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Competitive Application for Law (GCSEs, A levels, LNAT?)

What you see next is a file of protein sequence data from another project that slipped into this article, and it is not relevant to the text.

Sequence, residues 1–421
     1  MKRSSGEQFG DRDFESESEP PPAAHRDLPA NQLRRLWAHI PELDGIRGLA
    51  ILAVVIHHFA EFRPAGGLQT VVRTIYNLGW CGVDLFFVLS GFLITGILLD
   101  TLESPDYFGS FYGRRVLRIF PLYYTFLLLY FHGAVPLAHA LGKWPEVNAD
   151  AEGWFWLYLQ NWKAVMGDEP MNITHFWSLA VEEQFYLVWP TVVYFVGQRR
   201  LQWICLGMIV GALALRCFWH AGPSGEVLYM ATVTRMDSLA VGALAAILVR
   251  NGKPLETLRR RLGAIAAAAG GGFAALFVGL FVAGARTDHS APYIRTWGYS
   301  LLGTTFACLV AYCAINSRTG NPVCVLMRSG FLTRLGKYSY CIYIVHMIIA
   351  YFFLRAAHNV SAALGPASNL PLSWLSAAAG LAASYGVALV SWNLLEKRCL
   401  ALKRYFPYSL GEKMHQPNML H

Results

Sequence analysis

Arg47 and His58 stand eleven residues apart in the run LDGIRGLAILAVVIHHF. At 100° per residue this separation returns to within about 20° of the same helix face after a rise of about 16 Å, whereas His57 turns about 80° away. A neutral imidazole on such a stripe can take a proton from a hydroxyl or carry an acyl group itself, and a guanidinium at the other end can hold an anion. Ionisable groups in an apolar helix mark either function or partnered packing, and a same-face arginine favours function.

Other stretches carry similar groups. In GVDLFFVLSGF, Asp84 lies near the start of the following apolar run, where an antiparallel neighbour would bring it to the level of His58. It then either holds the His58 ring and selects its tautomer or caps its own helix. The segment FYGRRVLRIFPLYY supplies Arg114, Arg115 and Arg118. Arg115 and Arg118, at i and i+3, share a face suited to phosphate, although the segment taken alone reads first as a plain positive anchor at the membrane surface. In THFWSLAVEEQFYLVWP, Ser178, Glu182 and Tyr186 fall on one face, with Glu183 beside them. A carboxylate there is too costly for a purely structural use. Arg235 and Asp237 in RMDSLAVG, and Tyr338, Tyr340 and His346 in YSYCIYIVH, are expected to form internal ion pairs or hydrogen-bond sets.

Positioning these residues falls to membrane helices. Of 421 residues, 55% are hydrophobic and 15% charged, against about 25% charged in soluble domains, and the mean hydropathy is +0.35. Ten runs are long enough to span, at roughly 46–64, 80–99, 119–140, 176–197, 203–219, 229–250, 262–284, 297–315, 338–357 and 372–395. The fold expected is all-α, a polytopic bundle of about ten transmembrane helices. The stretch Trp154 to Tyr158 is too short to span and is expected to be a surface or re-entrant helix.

I'm currently in Year 12 studying psychology, philosophy and politics. I have completed my mocks and received A*A*A with the A*s being in politics and philosophy. All my subjects have essentially confirmed my predicted grades and I should be receiving A*AA with an A* in politics (I have to double check with my teacher but I doubt he will predict me a grade lower because it's very rare that they predict people a lower grade than what they get in the mock, unless they have shown weak performance the majority of the year, but I've received all As this year so it would be unusual if I do get a lower grade). I have a chance to improve my predicted grades in philosophy and psychology in September, and I might take it, but truth be told, I think these current predictions are fair and realistic. I'm not sure whether it's worth trying to get higher predicted grades in case it impacts my offers (e.g. getting into a university only for them to give me an offer higher than A*AA) when realistically A*AA is what I will receive at the end of my exams. My A level grades aren't really the problem here though, it's my GCSEs. I've made a thread on here before about my GCSEs when I was hoping to study psychology (I made the switch to law around March time) and I was given a mix of advice, but for law, I meet all the entry requirements of the universities I intend on applying to. My GCSE grades are 876554 with an 8 in English Language and a 5 in maths, but I have lots of extenuating circumstances that can explain the reasons for firstly, my lack of GCSEs and secondly, the grades I got. I didn't expect to get such high grades in my mocks so I'm trying to be more aspirational with my university choices. So far, I will definitely be applying to Nottingham and York and I am considering Manchester and Leeds heavily as target/reach universities. I am also considering Warwick if I get the A* prediction, since I'm not eligible for contextual offers there (I am at all my other choices so the requirements would be AAB except York since I'm part of a programme that guarantees me an offer of BBB). I am also considering Oxbridge. I definitely prefer the course at Cambridge more but the entry requirements at Oxford seem far more attainable. I know I can get at least AAA in my exams next year which would meet their requirements and guarantee me a spot if I get an offer, but I'm really concerned about my GCSEs and LNAT. I can't seem to find any data online for Cambridge LNAT scores, but for Oxford it seems quite mixed. I don't know what kind of LNAT score I personally would need to be considered for an interview with my GCSE and A level grades, as I know Oxford places more emphasis on GCSEs than Cambridge. I see a lot of people saying that essentially if you have above 7s in everything at both you'll be fine for GCSEs, but I obviously do not have that, and not only do I not have that, but I have more GCSEs below a 7 than I do above. To be fair to myself, the 8 and 7 were in English, which was the only essay based subject I did at GCSE (aside from French but that was the grade 4 and I had special consideration applied for that). Before anyone says there are no GCSE requirements, I know, I'm just trying to see what other things I would need to do to strengthen my application. My first personal statement draft was completed in April and I'm in the process of completing my second, as I recently attended a talk from an Oxford tutor about personal statements in my school and was shown many examples with structures I prefer over my original one. I have very unique and relevant super curriculars so if anything, my personal statement might be the strongest part of my application, although I'm not sure how much it counts for at Oxbridge. I think I like the layout of Oxford as a university more than Cambridge, but I've only actually visited Cambridge and never Oxford. I can't attend their open days in the summer but if they have later open days in September, I'll definitely attend. Basically I'm asking what I need to do to make my application competitive for Oxford and then for Cambridge separately, as well as my other choices. I was also considering UCL and KCL, but I live in London so I'm thinking of leaving now since I'm going to come back anyway and according to UCAS, it's just as hard to get into them as it is to get into Cambridge and I think I'd prefer Cambridge (or Oxford). Is it worth even applying to Oxbridge with my GCSEs and if so, which would be better to apply to? In terms of colleges, I love the look of Pembroke at Oxford and Jesus at Cambridge (I like Pembroke at Cambridge as well). I only prefer the Cambridge course because there are more optional modules but there isn't really anything else about Cambridge that I like more other than the city. Also, if I were to improve my predicted grades (to A*A*A with an A in philosophy or psychology/ A*A*A*) and score a really high grade on the LNAT (29+) would that make up for my GCSE grades with a strong personal statement too? I'm starting my EPQ in September so I think they will probably predict me an A in it, but it's on the South Korean legal system and will be briefly mentioned in my second PS draft.